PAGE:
The question of whether or not to au pair depends upon whether you like working with children, can live in another person’s household, etc. It should NOT rely on your diet. But like many things, being a celiac brings about its own challenges. For example:
- It’s difficult to use an agency because food allergies are typically a disqualifying condition on a health assessment. If you consider it from the agency’s point of view, this makes a lot of sense.
- You need to find an understanding household, which can be tricky with the number of misunderstandings about gluten free diets today. (They do not need to know anything about your diet, simply respect the fact that you need to follow it and prepare your own food.)
My first placement was in a “gluten free” house. The child was an asymptomatic coeliac, and after being sick a few times the parents told me that I would be a good indicator to whether or not their son was being glutened. Well, let me tell you, after not being glutened in over a year that sent me running for the hills. Can you imagine arriving halfway around the world, being sick for the first time in ages, and then feeling completely unsupported? Well, I stuck it out cooking my own food for a little bit, but I eventually moved on to another home.
My second placement was in the most gluten-filled home you can imagine. We bought fresh bread from the bakery next door, had cheese wraps for lunch, muesli bars for snacks, etc. You name it, and that form of gluten was probably in the house. BUT, this placement was probably the BEST experience of my life, and I wouldn’t trade it for anything.
Here’s how we made it work.
- Board is part of your pay as an au pair, so my family would grab extras of whatever they were picking up for fruits, veg, and meat that week. (They learned which meats were gluten free for me!) And, then they bought me LOTS of potatoes. (I could also add anything special to the grocery list.)
- Sometimes I bought some gluten free food with my own money, those extra items you don’t really need, but are a nice treat, such as gluten free pasta or my dairy free chocolate. (The 5 extra dollars isn’t really going to affect your bank account that much, and it’s much easier than making your host parents’ head spin. Do you remember how tricky it was to learn how to follow a gluten free diet?)
- I stored all my own pots, pans, cooking utensils, cutting boards, etc. in my room. (My host mum bought me my own sponges that I also stored in my room!)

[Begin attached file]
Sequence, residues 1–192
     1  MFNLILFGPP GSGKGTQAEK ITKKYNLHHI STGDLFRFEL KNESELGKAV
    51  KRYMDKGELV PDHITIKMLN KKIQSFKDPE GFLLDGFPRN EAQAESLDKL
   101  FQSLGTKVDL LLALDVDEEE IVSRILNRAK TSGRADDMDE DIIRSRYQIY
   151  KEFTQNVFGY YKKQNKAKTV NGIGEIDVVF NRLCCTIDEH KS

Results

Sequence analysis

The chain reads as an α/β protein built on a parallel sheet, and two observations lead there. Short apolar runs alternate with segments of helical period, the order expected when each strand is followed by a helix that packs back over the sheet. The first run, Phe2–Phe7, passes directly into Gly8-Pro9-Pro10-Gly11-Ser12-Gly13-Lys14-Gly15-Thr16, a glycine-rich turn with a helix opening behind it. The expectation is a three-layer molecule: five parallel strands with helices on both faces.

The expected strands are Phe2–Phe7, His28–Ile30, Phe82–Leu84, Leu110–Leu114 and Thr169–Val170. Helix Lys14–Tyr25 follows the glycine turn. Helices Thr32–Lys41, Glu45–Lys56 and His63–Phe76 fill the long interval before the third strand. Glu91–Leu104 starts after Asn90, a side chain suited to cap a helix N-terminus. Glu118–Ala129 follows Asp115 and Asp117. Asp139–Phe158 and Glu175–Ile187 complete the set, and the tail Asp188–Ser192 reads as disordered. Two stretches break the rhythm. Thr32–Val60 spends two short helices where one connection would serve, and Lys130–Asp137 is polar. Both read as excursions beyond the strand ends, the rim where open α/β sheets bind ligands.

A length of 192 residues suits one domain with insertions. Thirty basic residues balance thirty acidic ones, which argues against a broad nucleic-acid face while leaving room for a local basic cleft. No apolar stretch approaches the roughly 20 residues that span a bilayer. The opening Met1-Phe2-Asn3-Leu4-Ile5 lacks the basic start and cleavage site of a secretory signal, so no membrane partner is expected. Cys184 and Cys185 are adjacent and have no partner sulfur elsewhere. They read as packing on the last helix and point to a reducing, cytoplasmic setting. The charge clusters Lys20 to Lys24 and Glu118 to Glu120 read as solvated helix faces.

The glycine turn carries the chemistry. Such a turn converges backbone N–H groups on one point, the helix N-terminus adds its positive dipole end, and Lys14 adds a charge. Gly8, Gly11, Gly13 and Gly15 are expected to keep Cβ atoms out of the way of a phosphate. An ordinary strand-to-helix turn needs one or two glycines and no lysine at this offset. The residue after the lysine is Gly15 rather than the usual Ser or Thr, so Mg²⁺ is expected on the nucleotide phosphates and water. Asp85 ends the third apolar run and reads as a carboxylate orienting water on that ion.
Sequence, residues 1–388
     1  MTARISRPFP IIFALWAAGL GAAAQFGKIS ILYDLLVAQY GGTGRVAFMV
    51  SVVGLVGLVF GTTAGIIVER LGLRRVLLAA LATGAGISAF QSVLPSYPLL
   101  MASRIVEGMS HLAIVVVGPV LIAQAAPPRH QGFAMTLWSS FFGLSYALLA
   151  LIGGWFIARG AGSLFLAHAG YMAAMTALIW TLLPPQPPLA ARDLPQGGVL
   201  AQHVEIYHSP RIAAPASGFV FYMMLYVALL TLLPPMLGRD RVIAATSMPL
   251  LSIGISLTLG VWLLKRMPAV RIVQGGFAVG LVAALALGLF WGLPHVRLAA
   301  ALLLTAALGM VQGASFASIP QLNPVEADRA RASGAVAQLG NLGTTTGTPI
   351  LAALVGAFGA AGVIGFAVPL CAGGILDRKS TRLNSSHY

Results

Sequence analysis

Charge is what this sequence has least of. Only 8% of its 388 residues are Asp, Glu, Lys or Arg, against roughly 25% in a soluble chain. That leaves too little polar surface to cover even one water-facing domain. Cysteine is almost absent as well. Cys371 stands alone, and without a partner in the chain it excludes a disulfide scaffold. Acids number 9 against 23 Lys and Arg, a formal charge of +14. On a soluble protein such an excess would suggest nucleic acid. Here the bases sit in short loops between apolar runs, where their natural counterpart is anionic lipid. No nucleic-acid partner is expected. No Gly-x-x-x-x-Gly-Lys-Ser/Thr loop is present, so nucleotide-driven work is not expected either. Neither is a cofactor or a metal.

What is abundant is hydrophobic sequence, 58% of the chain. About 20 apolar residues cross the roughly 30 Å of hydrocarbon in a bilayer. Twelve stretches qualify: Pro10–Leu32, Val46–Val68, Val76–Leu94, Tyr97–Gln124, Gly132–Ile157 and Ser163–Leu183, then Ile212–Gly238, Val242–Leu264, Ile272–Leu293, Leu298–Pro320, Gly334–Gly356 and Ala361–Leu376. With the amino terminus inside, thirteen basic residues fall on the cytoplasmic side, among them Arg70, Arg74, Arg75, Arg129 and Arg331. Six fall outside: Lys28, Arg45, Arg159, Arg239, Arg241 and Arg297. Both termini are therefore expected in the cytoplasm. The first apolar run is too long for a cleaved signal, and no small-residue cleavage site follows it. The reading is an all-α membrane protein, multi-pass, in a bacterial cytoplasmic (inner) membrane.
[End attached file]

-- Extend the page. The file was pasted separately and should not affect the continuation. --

- I had time in the kitchen to myself, whether it be during nap time or after dinner where I would make my food for the week. (Yes, you’re carving this time out of your free time, but you cook all your own meals at home too.)
- I had a shelf in the fridge filled with Kaila only food (most of the time). All my containers were well labeled for those instances when we were rushed and accidentally threw the baby’s food on my shelf too.
- Microwavable containers became my best friend. This way I could cook my meal in advance, but only need two minutes notice to go from playing with the kids to enjoying a family dinner!
- I washed my hands a lot!
And, most importantly, my host family was the sweetest. The mom and dad welcomed me in when they knew little about coeliac disease and food allergies. However, they always respected my space when it came to food. And, the kids tried to wrap their head around my dietary requirements by asking me questions, “But, you don’t have food allergies in America, right?” or “Do your food allergies go away when we go to Brisbane?”
So, yes, your meals may be repetitive, and I wouldn’t call myself the most creative chef at the time. However, I spent some time with three of the sweetest boys who will always hold a special place in my heart. I met backpackers from all around the world, and learned about so many cultures other than my own. And, most importantly, I had a chance to relax, unwind, and have a little bit of fun while living a traditional Aussie lifestyle.
I’d say giving up fancy meals is a very small price to pay.
P.S: If you’re considering traveling as an au pair with dietary restrictions realize the first match may not work out, but your best bet is to be as upfront as possible about your needs. And, note that if you have an anaphylactic reaction to traces of peanuts or something similar this still may be a near impossible job for you to undertake.